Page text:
Several weeks ago, it was nearly impossible to have a conversation about the Jets without mentioning one of two things: drops and penalties.
During the second week of the season, on a rainy Thursday night in New England, our receivers (unofficially) dropped six passes, and we lost to our division foes, 13-10.
"You can't afford to drop the ball that many times, there's no way," head coach Rex Ryan said a few days after the Patriots game. "You're leaving a lot of plays out there. If we would have caught half of those balls we dropped, the outcome might have been a lot different."
The following week, Buffalo came to town. The referees threw a flag on us 22 times, marking off 20 of those penalties. But the players refused to throw in the towel and became just the second team in NFL history to win a game with 20 penalties or more.
"We don't want our team to be associated with penalties, no question," Rex said following our 27-20 win over the Bills. "That's not who we are. I want a physical football team but I also want to be the least penalized team in the league, not the most penalized team. It's not acceptable."
A dose of JUGS machines and pushups may have been just what we needed.
In our past four games combined, we've had just one drop, unofficially. And our 150 penalty yards marked off against us in our past three games combined are less than the 168 yards vs. the Bills.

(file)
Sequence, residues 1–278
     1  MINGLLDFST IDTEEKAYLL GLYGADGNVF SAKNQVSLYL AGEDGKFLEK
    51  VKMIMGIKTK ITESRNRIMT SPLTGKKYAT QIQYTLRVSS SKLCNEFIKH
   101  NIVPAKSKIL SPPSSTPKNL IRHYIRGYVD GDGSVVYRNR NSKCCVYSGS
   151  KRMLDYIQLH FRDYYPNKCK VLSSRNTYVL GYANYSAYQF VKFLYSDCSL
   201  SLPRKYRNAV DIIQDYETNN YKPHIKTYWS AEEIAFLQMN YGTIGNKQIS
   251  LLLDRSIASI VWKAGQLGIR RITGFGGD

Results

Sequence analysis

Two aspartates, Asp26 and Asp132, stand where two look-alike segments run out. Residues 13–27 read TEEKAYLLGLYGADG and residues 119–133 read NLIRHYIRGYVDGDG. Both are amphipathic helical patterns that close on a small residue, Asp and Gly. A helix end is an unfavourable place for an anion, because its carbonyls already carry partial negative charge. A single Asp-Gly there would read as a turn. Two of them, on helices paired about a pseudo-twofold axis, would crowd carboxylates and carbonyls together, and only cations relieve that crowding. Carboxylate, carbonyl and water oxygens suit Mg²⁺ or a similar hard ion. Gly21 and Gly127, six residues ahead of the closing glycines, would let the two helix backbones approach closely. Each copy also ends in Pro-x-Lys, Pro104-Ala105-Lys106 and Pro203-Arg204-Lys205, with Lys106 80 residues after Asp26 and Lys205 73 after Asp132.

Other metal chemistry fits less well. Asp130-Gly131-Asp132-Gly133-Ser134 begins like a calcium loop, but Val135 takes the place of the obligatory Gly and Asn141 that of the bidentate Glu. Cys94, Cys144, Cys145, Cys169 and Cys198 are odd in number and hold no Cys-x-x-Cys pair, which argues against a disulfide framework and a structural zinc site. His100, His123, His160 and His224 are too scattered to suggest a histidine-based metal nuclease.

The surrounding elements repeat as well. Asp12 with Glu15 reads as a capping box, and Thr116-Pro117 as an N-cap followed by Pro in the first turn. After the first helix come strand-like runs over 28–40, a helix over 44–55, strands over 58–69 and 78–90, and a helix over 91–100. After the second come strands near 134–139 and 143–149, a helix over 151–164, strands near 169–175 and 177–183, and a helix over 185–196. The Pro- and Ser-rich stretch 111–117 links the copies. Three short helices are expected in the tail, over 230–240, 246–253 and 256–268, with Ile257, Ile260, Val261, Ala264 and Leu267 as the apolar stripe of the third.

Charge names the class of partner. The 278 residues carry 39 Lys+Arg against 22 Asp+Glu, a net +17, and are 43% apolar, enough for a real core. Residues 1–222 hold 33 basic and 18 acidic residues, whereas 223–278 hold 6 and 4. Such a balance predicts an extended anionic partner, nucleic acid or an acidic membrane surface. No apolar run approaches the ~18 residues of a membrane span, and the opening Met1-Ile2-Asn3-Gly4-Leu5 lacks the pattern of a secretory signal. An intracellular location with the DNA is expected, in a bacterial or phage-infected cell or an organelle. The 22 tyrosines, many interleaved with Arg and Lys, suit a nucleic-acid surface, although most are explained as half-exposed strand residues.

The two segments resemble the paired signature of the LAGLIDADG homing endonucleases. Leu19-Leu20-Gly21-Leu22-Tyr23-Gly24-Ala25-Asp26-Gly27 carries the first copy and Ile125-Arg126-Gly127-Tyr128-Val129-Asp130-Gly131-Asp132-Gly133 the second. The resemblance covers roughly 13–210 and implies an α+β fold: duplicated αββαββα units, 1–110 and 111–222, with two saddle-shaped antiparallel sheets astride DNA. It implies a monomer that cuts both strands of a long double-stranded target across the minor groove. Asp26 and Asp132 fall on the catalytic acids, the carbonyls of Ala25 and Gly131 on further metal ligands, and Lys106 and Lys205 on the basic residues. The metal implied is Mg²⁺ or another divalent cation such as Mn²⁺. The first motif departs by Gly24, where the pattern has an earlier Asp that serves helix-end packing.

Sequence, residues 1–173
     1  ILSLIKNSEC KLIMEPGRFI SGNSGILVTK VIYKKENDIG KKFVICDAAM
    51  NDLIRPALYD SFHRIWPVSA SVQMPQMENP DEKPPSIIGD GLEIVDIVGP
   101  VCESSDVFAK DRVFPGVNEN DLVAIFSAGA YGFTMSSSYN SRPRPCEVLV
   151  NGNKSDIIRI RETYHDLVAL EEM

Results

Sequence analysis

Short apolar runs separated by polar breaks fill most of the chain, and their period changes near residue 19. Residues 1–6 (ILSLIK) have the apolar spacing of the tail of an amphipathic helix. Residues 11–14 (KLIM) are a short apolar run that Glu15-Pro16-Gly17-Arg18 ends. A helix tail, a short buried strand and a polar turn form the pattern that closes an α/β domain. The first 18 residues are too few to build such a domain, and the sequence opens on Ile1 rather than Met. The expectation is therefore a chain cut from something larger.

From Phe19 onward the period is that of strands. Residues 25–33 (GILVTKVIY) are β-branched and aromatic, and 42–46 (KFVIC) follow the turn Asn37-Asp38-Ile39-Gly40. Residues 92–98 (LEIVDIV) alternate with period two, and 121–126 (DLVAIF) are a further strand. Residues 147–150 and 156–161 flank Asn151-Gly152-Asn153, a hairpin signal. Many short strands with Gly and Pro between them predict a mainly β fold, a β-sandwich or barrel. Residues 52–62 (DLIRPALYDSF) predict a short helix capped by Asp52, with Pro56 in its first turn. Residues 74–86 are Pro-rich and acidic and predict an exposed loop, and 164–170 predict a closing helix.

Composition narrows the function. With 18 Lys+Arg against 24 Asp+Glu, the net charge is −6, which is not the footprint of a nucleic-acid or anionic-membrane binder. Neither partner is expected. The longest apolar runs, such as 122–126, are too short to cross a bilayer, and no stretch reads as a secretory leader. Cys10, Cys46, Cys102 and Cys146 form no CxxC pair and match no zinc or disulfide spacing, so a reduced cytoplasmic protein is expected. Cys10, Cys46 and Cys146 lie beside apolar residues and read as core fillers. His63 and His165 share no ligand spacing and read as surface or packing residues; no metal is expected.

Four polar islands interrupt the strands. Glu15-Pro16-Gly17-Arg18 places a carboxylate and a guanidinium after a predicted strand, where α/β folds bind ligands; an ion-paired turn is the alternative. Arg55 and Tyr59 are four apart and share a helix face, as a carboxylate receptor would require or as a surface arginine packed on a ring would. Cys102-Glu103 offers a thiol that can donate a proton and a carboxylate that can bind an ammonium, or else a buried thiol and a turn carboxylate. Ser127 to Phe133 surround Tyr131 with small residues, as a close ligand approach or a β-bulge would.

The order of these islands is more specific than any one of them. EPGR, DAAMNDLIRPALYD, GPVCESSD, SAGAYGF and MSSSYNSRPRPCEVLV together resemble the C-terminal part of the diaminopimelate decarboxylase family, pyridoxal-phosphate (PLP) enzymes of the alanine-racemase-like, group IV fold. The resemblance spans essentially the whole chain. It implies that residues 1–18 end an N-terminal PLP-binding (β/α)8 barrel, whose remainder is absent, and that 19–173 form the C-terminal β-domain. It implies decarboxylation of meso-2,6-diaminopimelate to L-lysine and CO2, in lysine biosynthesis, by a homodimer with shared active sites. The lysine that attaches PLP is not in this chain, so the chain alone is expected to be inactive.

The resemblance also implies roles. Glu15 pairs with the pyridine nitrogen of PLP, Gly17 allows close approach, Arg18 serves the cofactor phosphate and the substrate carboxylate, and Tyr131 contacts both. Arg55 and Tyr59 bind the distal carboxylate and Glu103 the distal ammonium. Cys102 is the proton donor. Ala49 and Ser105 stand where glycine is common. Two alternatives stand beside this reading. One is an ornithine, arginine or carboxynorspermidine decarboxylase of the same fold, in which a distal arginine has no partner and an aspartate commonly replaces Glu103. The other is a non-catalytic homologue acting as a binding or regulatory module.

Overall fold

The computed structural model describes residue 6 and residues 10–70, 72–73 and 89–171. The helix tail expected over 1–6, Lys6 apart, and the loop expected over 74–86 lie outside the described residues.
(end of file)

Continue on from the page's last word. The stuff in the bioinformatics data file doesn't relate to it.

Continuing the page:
A trio of linemen offered three different theories on how this team's been able to turn the tide since our franchise-record 20-penalty day.
"I would say that the pride factor has been something that's really elevated our success as far as getting rid of the penalties," T Austin Howard said. "Taking the mentality of 'Hey, I'm not going to be the one that makes the team lose yards or get a penalty.' It's the guys individually taking responsibility for their actions."
Eighth-year veteran C Nick Mangold's take on the situation focused on, well, focus.
"A lot of our mistakes were focus errors, or lack of focus," he said. "I think that when you start paying attention to it, knowing the snap count, knowing the formation, watching the ball on defense, these are all things that you control so our guys focused on it and made it a point of emphasis and have done a good job with that."
As for our first-round rookie on the flip side of the ball, DL Sheldon Richardson believes the solution lies with "knowing what you can get away with and knowing what you can't. You can get away with a little bit in the trenches," the Missouri product added with a laugh. "It's different for every position."
The 5-1 Patriots will take on the 3-3 Jets this Sunday at MetLife Stadium for the 2013 rematch.
"We already dropped one to them," Mangold said, presumably with no pun intended, "so we need to correct the mistakes and get a whole heck of a lot better if we're going to try to go out there and get the 'W' this weekend."
For whatever it's worth, we have *five *wide receivers who did not play at New England in Week 2 but could be active Sunday — Jeremy Kerley (out with a concussion in September), David Nelson, Michael Campbell, Josh Cribbs and Greg Salas.
What a difference a month makes.